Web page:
It's one postponement that has nothing to do with the COVID-19pandemic: SpaceX scrubbed its latest launch of 60 Starlink satellites Sunday morning and will try again Wednesday.
Just as the countdown clock hit zero at Florida's Kennedy Space Center and the Falcon 9 rocket's engines began to fire for a split second, the system shut down as an automated abort was triggered.
"Standing down today; standard auto-abort triggered due to out of family data during engine power check," the company said via Twitter.
The rocket loaded with the latest batch of the company's broadband satellites was set to make its fifth flight, more than any single SpaceX rocket has ever performed.
SpaceX announced Monday morning that the launch has been rescheduled for 5:16 a.m. Pacific on Wednesday.
The company has so far launched over 300 of the nascent nodes to low-Earth orbit, with plans to have over 1,500 in space by the end of the year. The long-term plan for the mega-constellation could see an astounding 42,000 satellites circling the planet, beaming high-speed internet to just about anywhere.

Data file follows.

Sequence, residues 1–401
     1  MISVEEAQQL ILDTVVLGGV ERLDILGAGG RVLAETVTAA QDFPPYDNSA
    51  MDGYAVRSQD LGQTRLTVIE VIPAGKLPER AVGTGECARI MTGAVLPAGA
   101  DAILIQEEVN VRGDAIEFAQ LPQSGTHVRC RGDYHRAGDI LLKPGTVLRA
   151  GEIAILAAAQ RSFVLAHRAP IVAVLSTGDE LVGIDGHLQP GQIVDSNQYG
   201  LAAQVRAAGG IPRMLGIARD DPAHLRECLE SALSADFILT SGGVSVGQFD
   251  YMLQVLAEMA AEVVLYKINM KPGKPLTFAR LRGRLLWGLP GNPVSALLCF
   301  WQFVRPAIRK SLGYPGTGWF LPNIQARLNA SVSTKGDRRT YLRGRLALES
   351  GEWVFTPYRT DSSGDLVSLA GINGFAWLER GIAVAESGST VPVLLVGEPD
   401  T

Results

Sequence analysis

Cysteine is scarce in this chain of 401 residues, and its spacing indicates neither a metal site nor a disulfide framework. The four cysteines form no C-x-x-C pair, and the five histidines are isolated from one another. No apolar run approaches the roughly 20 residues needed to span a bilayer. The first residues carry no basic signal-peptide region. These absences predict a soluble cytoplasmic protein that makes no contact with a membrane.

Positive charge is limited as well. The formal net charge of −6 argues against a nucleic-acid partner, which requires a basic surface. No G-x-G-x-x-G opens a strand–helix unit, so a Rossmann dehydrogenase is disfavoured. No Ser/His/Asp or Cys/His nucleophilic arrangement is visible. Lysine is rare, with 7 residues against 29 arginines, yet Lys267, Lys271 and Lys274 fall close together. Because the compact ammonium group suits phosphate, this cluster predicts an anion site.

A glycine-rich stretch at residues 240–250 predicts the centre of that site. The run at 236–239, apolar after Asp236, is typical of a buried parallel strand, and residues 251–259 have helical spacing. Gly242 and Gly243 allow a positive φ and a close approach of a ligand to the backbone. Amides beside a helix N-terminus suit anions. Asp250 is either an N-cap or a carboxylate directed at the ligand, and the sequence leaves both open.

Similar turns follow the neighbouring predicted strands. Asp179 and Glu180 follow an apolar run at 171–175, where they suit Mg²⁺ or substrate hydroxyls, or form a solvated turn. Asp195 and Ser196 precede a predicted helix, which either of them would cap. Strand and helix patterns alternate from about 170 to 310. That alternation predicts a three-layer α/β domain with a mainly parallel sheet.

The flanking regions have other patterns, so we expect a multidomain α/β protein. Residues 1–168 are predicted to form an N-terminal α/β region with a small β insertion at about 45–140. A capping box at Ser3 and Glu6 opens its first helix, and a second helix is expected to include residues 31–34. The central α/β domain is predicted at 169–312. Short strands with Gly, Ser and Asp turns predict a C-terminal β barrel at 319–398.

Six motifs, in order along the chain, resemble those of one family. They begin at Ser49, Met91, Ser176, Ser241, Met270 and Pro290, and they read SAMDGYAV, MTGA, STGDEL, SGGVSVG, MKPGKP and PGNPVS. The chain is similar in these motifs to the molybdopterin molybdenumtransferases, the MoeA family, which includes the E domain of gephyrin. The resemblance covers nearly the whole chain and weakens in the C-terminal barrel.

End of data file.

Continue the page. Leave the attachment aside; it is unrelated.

Almost from the moment the first satellites deployed in May 2019, study released last week from the European Southern Observatory declared that the National Science Foundation's upcoming Vera C. Rubin Observatory (now under construction in Chile) would be "severely affected" by mega-constellations including Starlink and others planned by OneWeb, Amazon and more.about the surprising brightness of the robotic routers, which can interfere with scientific observations of space. A
But SpaceX and Elon Musk have been steadfast in their assurances that the brightness problem will be addressed and there will be "zero" impacts to scientific discoveries, asinterview Monday.
Regardless, for now, SpaceX is continuing toto stay ahead of the competition and meet an FCC milestone requirement that at least 2,212 of the satellites be up and running by 2024.